I was only 8 when my Bobba died and my most vivid memories of her were around food in her Bellvue flat.
She made the most delicious apple sauce and we would dip cold roast chicken in the apple sauce and eat and laugh together. She also had this old pasta roller and we would make lokshen. Now we use a bigger version to make kichel.
Feigels has become a big part of all our simchas, brochas, shabbos meals and daily lives.
Food is a source of energy and sustenance; it connects us to eachother, it brings people together and it creates memories.
All of us at Feigels would like to thank you and this community, for allowing us to be a part of so many of your memories.
It has been a privilege and our intentions are to honor that privilege in the years to come.
May your everday in 5778 be filled with the love, joy, protection, peace and health that we connect with during Sukkot.
Every year at this time we are encouraged to look within to see what negativity we can clear and erase, where we need to forgive and ask for forgiveness and which areas of our lives we will commit to improving in the year to come.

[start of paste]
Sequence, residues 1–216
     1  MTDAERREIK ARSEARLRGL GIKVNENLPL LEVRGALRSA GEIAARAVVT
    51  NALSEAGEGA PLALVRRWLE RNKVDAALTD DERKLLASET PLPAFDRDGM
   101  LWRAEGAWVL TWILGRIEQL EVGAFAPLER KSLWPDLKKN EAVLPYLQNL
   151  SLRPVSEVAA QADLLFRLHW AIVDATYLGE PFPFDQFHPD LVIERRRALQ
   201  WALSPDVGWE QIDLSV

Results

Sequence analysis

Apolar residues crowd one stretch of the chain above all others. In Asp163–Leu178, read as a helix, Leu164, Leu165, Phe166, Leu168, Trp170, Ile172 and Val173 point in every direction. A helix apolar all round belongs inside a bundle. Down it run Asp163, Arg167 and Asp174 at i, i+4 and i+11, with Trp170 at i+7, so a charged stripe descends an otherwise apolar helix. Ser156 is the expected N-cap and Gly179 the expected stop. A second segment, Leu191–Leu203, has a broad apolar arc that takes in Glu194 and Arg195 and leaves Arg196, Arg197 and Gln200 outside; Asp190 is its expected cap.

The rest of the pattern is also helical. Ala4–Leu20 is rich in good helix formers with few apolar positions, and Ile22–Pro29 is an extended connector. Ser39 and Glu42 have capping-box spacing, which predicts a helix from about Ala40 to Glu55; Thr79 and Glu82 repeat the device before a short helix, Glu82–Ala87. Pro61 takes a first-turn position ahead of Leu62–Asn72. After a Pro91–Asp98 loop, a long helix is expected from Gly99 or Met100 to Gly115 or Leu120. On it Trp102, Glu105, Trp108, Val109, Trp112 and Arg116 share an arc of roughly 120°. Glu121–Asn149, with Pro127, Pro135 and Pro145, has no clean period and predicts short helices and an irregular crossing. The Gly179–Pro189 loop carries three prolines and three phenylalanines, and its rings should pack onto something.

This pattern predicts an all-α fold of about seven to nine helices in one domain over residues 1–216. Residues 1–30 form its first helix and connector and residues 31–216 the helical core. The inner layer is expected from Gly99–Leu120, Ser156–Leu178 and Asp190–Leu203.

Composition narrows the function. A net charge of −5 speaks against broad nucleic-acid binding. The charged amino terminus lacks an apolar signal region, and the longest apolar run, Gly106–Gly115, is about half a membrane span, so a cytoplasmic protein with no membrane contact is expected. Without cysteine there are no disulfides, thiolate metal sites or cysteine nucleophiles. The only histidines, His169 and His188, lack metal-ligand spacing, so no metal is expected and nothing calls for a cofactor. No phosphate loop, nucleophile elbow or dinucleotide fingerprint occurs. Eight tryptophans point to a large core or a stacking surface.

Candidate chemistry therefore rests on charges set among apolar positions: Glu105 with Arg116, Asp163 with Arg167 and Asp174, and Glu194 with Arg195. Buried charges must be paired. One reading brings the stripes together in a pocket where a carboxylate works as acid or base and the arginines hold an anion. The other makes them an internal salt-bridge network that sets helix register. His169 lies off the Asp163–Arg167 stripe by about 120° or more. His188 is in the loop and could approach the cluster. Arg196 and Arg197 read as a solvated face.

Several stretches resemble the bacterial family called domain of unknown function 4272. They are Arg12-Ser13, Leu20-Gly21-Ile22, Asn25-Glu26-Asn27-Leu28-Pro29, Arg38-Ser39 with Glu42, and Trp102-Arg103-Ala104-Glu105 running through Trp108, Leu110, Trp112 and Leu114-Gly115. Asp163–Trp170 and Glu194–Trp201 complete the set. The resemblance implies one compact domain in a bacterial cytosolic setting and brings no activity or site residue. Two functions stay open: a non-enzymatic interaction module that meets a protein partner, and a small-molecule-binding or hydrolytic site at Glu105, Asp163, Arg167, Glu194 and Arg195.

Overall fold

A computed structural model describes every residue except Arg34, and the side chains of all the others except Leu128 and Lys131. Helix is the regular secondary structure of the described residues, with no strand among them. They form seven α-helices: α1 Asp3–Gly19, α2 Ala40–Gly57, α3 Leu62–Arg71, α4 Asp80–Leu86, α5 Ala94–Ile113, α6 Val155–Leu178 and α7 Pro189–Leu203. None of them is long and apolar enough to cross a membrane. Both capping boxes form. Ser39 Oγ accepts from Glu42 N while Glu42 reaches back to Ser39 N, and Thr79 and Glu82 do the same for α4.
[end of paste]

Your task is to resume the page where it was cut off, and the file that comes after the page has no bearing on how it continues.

Feigels has looked back in the last few months; we went all the way back to the good ol days in Yeoville. We have shared a part of our story with you and your participation has been encouraging.
Feigels has been an iconic part of the Jewish community for over 49 years and over the last few years Jos and Patsy have been looking for a way to ensure it’s continuation.
This is where Neil Pollock and I come in. I’m Tamar Dakes; Patsy’s daughter, Feigels granddaughter, and Neil is my business partner.
Neil and I have taken over the management of Feigels. Our intentions are to support Patsy and Jos and create longevity in the company. Our intentions are to ensure customer satisfaction, improve shopping experience, introduce better systems and bring our beloved Feigels into the 21st century.
We are committed to changing things that don’t work and bringing you more of what does.
So as Feigels evolves in 5778; steadily towards our 50th anniversary; we’d like to wish all our customers, family and friends a Shanah Tovah uMetukah, a meaningful fast and say thank you for all your incredible support.
The 80’s was a time of political turmoil in South Africa.
Rockey St and Bellvue/Yeoville area, became something of a liberated zone as black and white met and ate and listened to music together. Some blacks even lived in the area in flats rented for them by white nominees.